(19

)

10


Total core portfolio

687


812


(59

)

(31

)

(79

)

(76

)

Non-core portfolio



Residential mortgage

582


760


(59

)

(34

)

(111

)

(88

)

Home equity

763


1,178


(86

)

29


(255

)

(27

)

Total non-core portfolio

1,345


1,938


(145

)

(5

)

(366

)

(115

)

Consumer real estate portfolio





Residential mortgage

813


1,012


(108

)

(67

)

(171

)

(174

)

Home equity

1,219


1,738


(96

)

31


(274

)

(17

)

Total consumer real estate portfolio

$

2,032


$

2,750


$

(204

)

$

(36

)

$

(445

)

$

(191

)

(1)

Outstandings and nonperforming loans exclude loans accounted for under the fair value option. Consumer loans accounted for under the fair value option include residential mortgage loans of $615 million and $710 million and home equity loans of $363 million and $341 million at September 30, 2017 and December 31, 2016 . For more information on the fair value option, see Note 15 – Fair Value Option to the Consolidated Financial Statements .

(2)

Net charge-offs exclude write-offs in the PCI loan portfolio. For more information on PCI write-offs, see Consumer Portfolio Credit Risk Management – Purchased Credit-impaired Loan Portfolio on page 45 .

We believe that the presentation of information adjusted to exclude the impact of the PCI loan portfolio, the fully-insured loan portfolio and loans accounted for under the fair value option is more representative of the ongoing operations and credit quality of the business. As a result, in the following discussions of the residential mortgage and home equity portfolios, we provide information that excludes the impact of the PCI loan portfolio, the fully-insured loan portfolio and loans accounted for under the fair value option in certain credit quality statistics. We separately disclose information on the PCI loan portfolio on page 45 .

Residential Mortgage

The residential mortgage portfolio makes up the largest percentage of our consumer loan portfolio at 45 percent of consumer loans and leases at September 30, 2017 . Approximately 35 percent of the residential mortgage portfolio is in Consumer Banking and approximately 35 percent is in GWIM. The remaining portion is in All Other and is comprised of originated

loans, purchased loans used in our overall ALM activities, delinquent FHA loans repurchased pursuant to our servicing agreements with GNMA as well as loans repurchased related to our representations and warranties.

Outstanding balances in the residential mortgage portfolio, excluding loans accounted for under the fair value option, increased $7.6 billion during the nine months ended September 30, 2017 as retention of new originations was partially offset by loan sales of $3.2 billion, and run-off.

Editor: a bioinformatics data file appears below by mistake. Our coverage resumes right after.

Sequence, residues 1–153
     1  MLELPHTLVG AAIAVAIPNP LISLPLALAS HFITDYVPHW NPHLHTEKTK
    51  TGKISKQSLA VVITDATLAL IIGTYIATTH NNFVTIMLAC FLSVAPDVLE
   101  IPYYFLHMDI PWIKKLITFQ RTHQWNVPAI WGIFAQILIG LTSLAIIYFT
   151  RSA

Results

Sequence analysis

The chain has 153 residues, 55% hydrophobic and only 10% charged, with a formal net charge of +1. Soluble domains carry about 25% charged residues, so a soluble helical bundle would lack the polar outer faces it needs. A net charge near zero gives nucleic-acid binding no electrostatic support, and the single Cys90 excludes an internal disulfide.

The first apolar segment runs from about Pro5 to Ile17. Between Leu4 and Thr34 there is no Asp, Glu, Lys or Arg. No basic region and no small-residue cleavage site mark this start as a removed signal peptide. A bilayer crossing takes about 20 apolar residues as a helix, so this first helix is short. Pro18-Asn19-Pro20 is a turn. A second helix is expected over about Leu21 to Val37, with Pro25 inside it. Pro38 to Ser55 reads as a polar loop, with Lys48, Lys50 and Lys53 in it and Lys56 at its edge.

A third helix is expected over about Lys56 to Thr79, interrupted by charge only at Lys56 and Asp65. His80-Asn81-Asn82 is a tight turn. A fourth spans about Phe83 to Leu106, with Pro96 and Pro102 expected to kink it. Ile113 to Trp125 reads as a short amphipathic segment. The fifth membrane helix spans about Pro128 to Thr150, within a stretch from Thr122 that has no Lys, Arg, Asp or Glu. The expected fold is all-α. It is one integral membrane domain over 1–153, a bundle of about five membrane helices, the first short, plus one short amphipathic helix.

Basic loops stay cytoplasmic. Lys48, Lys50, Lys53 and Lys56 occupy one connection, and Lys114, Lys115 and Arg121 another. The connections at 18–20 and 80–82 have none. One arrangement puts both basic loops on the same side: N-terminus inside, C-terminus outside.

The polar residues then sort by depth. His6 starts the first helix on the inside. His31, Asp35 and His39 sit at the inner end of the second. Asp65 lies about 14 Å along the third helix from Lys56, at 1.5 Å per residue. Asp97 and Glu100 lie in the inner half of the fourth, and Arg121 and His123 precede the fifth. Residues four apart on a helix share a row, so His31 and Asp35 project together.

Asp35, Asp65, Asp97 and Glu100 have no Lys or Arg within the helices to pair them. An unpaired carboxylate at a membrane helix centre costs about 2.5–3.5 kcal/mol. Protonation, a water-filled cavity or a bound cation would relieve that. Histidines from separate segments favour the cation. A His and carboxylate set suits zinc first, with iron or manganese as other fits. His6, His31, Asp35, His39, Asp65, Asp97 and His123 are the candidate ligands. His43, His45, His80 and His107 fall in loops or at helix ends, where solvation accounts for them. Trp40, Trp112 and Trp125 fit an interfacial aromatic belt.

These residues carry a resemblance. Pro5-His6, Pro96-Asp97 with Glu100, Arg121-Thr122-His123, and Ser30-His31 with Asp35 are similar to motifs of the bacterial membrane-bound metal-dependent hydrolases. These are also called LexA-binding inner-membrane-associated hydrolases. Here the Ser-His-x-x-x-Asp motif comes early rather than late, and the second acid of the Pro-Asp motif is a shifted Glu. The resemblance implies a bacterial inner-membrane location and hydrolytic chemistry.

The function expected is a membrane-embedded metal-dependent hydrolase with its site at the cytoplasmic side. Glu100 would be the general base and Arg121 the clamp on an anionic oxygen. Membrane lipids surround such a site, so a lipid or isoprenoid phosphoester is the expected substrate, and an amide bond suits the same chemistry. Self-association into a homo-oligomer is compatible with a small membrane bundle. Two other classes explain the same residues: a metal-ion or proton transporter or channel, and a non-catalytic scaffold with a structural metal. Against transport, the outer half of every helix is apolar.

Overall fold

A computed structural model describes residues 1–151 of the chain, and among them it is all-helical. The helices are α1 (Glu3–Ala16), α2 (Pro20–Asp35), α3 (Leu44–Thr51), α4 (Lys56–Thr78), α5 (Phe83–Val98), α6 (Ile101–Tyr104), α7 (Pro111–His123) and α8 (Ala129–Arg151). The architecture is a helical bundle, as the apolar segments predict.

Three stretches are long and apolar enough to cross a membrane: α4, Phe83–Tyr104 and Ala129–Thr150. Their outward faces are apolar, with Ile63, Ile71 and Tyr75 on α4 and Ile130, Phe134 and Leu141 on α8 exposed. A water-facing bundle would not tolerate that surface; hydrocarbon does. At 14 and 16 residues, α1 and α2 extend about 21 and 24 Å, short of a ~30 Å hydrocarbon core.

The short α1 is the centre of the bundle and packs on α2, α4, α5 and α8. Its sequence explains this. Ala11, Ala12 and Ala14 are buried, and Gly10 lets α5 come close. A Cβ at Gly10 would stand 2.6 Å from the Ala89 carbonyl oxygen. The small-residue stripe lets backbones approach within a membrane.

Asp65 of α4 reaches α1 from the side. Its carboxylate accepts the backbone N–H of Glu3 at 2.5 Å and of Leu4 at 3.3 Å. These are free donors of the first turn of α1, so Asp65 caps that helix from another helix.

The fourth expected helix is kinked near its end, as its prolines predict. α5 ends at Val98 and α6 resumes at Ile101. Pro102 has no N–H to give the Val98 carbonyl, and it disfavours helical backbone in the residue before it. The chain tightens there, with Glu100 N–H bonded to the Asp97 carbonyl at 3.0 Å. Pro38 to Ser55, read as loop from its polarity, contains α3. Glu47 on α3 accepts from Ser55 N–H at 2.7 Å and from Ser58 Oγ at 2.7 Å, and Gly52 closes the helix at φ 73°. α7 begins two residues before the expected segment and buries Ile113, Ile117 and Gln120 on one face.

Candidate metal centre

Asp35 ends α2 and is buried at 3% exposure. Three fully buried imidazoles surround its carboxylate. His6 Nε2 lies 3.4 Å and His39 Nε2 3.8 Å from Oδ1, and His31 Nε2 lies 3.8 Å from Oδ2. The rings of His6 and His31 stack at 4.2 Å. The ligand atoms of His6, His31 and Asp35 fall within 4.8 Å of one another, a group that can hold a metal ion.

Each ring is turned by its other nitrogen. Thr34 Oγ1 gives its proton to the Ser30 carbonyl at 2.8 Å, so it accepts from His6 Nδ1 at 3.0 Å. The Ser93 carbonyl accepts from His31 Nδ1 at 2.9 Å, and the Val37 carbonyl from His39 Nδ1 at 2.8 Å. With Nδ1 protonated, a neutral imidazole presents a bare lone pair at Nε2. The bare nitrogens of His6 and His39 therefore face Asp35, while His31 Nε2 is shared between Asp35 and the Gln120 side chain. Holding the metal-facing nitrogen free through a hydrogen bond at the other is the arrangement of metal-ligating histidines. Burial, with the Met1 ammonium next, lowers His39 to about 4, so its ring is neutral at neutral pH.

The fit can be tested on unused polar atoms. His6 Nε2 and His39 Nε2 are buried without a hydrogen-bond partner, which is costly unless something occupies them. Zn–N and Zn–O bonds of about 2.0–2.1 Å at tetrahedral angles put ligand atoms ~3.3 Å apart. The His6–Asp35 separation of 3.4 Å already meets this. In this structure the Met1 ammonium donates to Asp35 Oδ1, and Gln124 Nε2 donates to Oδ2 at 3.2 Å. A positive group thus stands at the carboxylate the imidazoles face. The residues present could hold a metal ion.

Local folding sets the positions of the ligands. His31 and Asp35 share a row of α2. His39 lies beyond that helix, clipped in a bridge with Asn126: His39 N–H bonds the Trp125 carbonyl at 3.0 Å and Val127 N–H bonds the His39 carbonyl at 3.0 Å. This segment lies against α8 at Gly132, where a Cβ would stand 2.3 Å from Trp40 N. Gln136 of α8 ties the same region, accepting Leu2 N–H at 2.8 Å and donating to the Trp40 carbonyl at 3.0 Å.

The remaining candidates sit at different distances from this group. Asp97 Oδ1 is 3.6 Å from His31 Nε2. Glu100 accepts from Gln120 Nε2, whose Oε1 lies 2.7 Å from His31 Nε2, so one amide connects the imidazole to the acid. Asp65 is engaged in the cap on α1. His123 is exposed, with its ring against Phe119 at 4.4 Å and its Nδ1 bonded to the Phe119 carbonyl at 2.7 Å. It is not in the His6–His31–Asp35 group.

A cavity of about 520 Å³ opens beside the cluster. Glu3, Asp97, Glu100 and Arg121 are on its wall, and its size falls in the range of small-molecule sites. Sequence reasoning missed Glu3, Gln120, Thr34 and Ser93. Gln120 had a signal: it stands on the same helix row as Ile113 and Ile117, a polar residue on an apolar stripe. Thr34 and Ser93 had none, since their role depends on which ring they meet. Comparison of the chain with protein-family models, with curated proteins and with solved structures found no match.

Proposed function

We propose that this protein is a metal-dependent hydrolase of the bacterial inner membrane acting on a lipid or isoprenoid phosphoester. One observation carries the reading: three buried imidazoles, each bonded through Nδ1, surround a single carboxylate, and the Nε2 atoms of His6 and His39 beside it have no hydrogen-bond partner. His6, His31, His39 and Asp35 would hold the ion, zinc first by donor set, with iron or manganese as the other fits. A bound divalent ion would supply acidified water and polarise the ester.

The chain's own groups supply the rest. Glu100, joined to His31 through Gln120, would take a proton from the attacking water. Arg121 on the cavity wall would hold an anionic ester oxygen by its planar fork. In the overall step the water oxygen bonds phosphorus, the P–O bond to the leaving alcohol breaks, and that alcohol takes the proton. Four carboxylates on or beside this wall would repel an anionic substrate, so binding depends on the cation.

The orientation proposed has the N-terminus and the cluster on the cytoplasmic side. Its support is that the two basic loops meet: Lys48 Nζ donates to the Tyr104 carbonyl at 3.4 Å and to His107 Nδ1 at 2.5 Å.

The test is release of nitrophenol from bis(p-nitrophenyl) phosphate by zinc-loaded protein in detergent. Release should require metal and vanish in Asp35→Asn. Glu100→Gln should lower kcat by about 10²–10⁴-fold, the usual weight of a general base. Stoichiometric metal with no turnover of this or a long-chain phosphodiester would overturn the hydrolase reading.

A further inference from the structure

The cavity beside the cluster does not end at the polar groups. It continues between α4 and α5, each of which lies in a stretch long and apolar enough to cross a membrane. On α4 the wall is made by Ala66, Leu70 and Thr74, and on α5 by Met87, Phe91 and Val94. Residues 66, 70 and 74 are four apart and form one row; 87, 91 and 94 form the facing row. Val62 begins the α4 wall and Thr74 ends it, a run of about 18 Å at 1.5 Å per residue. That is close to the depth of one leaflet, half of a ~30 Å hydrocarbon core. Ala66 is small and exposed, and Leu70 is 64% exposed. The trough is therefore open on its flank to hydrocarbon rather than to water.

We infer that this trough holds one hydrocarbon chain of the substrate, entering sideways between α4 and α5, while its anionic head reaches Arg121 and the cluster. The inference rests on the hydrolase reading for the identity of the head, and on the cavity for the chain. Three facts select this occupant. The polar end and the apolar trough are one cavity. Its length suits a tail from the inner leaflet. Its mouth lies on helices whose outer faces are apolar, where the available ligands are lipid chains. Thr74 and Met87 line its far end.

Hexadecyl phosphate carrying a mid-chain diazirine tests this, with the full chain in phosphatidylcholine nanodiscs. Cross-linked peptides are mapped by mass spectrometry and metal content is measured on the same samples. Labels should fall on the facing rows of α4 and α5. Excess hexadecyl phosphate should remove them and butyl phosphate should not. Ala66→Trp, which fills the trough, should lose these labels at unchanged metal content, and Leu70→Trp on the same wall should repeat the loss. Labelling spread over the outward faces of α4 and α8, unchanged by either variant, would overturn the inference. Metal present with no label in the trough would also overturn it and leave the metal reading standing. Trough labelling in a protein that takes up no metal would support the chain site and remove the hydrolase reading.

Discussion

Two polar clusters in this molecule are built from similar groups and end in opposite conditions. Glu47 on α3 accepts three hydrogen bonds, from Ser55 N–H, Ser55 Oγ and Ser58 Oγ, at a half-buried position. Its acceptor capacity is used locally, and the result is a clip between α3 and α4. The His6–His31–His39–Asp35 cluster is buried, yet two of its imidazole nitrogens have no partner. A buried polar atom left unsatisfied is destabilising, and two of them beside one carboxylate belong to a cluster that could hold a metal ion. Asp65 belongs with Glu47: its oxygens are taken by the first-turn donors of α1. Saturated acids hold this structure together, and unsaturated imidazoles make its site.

At September 30, 2017 and December 31, 2016 , the residential mortgage portfolio included $24.8 billion and $28.7 billion of outstanding fully-insured loans. On this portion of the residential mortgage portfolio, we are protected against principal loss as a result of either FHA insurance or long-term standby agreements that provide for the transfer of credit risk to FNMA and FHLMC. At September 30, 2017 and December 31, 2016 , $18.3 billion and $22.3 billion had FHA insurance with the remainder protected by long-term standby agreements. At September 30,


41 Bank of America




2017 and December 31, 2016 , $5.5 billion and $7.4 billion of the FHA-insured loan population were repurchases of delinquent FHA loans pursuant to our servicing agreements with GNMA.

Table 26 presents certain residential mortgage key credit statistics on both a reported basis excluding loans accounted for under the fair value option, and excluding the PCI loan portfolio, the fully-insured loan portfolio and loans accounted for under the fair value option. Additionally, in the "Reported Basis" columns in

the table below, accruing balances past due and nonperforming loans do not include the PCI loan portfolio, in accordance with our accounting policies, even though the customer may be contractually past due. As such, the following discussion presents the residential mortgage portfolio excluding the PCI loan portfolio, the fully-insured loan portfolio and loans accounted for under the fair value option. For more information on the PCI loan portfolio, see page 45 .

Table 26

Residential Mortgage – Key Credit Statistics

Reported Basis (1)

Excluding Purchased
Credit-impaired and
Fully-insured Loans

(Dollars in millions)

September 30
2017

December 31
2016

September 30
2017

December 31
2016

Outstandings

$

199,446


$

191,797


$

166,262


$

152,941


Accruing past due 30 days or more

6,613


8,232


1,893


1,835


Accruing past due 90 days or more

3,372


4,793


-


 -


Nonperforming loans

2,518


3,056


2,518


3,056


Percent of portfolio





Refreshed LTV greater than 90 but less than or equal to 100

3

 %

5

%

3

 %

3

%

Refreshed LTV greater than 100

3


4


2


3


Refreshed FICO below 620

7


9


3


4


2006 and 2007 vintages (2)

10


13


9


12


Reported Basis

Excluding Purchased Credit-impaired and Fully-Insured Loans

Three Months Ended
September 30

Nine Months Ended
September 30

Three Months Ended
September 30

Nine Months Ended
September 30

2017

2016

2017

2016

2017

2016

2017

2016

Net charge-off ratio (3)

(0.16

)%

0.01

%

(0.06

)%

0.09

%

(0.20

)%

0.01

%

(0.07

)%

0.12

%

(1)

Outstandings, accruing past due, nonperforming loans and percentages of portfolio exclude loans accounted for under the fair value option.

(2)